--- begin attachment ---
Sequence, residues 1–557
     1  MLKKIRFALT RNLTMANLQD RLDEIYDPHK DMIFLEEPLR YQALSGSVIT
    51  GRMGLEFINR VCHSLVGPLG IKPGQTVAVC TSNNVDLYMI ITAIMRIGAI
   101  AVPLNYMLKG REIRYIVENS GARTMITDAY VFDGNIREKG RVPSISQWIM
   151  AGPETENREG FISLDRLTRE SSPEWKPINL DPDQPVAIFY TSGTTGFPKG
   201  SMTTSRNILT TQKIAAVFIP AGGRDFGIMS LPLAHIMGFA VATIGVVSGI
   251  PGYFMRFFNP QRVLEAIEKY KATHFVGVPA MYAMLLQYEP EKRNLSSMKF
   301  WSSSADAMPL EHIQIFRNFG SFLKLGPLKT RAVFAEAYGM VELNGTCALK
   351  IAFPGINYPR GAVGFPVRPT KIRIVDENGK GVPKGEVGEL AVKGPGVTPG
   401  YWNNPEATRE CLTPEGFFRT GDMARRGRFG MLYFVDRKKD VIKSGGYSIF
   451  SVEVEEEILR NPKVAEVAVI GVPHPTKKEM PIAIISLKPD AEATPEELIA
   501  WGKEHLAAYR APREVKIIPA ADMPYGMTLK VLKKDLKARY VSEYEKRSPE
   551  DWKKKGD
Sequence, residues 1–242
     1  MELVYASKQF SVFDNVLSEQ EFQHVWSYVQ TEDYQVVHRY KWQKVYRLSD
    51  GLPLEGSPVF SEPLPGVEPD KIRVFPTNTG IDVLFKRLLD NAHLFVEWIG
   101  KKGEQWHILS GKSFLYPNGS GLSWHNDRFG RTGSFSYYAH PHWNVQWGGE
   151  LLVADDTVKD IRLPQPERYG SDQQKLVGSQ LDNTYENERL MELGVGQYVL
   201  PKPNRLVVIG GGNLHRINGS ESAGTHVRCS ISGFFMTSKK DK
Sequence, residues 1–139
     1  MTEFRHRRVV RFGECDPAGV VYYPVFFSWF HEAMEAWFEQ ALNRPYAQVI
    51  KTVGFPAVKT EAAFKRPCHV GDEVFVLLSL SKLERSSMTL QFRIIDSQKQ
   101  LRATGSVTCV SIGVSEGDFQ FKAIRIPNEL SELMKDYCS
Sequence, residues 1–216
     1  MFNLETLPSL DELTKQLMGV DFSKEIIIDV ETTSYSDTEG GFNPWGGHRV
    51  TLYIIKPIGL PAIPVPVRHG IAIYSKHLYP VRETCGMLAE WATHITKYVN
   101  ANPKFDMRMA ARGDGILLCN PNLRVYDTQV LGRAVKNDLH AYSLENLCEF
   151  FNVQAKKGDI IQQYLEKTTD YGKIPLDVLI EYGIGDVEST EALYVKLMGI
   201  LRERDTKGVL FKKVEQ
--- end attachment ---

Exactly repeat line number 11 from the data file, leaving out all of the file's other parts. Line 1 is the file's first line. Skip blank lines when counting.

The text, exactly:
   451  SVEVEEEILR NPKVAEVAVI GVPHPTKKEM PIAIISLKPD AEATPEELIA